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    Deadly Turf Wars Pit Elephants Against Humans

    Near a nature reserve in Yunnan, tensions flare between man and beast.
    Mar 27, 2016#environment

    As sunset approaches, the villagers end their feast abruptly. “We should go,” says their leader, Ma Liang, a sense of urgency in his voice. He hastily declines his host’s gift of another bottle of the local brew. “It’s not safe outside after dark.”

    For Ma, it’s not the 7-kilometer drive along a bumpy, winding road to his house in Mengwang township in Xishuangbanna that has him spooked — it’s the fear of being attacked by wild elephants along the way. A tragic event more than two years ago marked a turning point in the way locals view the animals, says Ma, a talkative Han Chinese man in his 30s who represents the multiethnic villagers of Mengwang. 

    On the morning of Dec. 28, 2014, an elephant attacked farmer Hu Laosi and his wife as they worked in the fields. Witnesses said the elephant used its trunk to pick Hu up and toss him to the ground repeatedly. He later died from his injuries. Hu’s wife, Gong Meiying, suffered minor injuries as she tried to run away from the attacking elephant. After that, villagers’ curiosity toward elephants turned to fear and hatred, according to Ma. 

    Forced out of their natural habitat by encroaching development, Asian elephants are wandering into Yunnan’s villages, spreading fear as they destroy crops, damage property, and injure or even kill people. Human-elephant conflict is on the rise, highlighting the challenges China faces as it tries to balance rapid economic development with animal welfare and preservation.

    Xishuangbanna, which is home to many members of the Dai, Hani, and other ethnic groups, lies in the southwestern corner of China near the borders with Myanmar and Laos. This humid subtropical region is known for its diverse fauna and flora, and Asian elephants have long made this relatively isolated part of China their home. “Thick trees, plenty of water, and hundreds of different types of food make the region a perfect place for them,” says Yang Hongpei, director of the research institute at the Xishuangbanna National Nature Reserve.

    There are no more than 52,000 elephants in Asia, with around two-thirds of those in India, according to figures from the International Union for Conservation of Nature and Natural Resources. By contrast, the same data show there are roughly half a million African elephants. Four millennia ago elephants roamed all over China, but human development has pushed them farther south, experts say. When the reserve was established, there were only about 150 elephants living in China, all of them in Yunnan, and mainly near Xishuangbanna. Since then, that number has increased to between 250 and 300.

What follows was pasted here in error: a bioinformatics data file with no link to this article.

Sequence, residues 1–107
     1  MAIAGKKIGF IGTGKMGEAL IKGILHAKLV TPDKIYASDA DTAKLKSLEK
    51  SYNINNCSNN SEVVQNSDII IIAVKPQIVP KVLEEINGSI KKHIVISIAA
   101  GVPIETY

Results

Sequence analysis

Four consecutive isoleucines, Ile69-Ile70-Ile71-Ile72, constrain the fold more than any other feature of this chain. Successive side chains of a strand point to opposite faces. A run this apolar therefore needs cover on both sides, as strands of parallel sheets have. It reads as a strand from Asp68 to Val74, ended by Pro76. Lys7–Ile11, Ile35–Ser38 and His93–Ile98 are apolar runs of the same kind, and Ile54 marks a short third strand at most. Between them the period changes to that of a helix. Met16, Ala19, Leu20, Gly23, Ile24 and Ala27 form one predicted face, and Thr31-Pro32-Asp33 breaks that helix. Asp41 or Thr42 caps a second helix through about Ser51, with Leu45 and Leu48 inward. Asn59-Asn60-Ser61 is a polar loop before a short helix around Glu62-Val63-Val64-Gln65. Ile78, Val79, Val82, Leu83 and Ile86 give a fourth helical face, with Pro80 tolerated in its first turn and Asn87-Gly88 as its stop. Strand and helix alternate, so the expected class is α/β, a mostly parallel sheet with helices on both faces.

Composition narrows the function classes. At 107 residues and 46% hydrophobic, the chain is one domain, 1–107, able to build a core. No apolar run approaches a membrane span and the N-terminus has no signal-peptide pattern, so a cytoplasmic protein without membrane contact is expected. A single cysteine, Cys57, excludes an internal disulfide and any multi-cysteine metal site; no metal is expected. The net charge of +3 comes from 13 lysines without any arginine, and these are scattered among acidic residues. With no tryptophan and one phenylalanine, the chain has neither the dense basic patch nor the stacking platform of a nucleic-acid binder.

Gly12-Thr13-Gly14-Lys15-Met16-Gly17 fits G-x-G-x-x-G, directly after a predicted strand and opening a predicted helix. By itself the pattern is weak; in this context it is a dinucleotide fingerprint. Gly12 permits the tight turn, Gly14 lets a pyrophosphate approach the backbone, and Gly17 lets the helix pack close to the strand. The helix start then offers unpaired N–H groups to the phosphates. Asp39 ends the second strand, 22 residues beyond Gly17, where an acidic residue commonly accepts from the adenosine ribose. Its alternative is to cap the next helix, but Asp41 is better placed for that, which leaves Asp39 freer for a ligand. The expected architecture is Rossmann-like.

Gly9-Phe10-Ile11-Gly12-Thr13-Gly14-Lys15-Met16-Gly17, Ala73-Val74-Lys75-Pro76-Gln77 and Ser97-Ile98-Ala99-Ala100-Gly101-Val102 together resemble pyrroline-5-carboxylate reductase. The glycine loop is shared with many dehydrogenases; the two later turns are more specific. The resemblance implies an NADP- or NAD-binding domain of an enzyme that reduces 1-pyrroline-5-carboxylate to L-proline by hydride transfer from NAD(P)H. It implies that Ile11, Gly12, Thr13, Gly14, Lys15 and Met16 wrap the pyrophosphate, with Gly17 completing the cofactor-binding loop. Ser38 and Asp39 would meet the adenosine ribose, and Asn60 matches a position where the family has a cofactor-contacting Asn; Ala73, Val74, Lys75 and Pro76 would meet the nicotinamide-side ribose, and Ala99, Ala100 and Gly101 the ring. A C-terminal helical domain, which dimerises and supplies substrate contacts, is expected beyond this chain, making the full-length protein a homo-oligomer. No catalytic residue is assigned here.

The Asia regional director of the International Fund for Animal Welfare (IFAW), Grace Ge Gabriel, attributes the growing conflict to the pressures of development. By planting crops such as rubber and tea, humans have encroached on natural habitats to such a degree that elephants have no place to go, she says. “So they go into villages and farmland where they might get food.”

    A soon-to-be released study by Zhang Li, an associate professor at Beijing Normal University’s School of Life Sciences, shows that Asian elephants have lost nearly half of their habitat in the past 40 years, as the amount of land given over to rubber and tea growing has eaten into forested land.

    The Xishuangbanna reserve was established in 1958 to protect the area’s elephants and the tropical forest itself. By the time the reserve was founded, however, large expanses of forest had been surrounded by villages or farmland. This meant the reserve was never one piece of land. Instead, it was divided into five distinct parts. The situation deteriorated over time, as the forests that served as habitats for elephants were targeted for rubber and tea plantations. Shrinking habitats and small groups of elephants living in relative isolation mean the elephants’ genetic pool has become restricted, posing a long-term threat to elephant populations.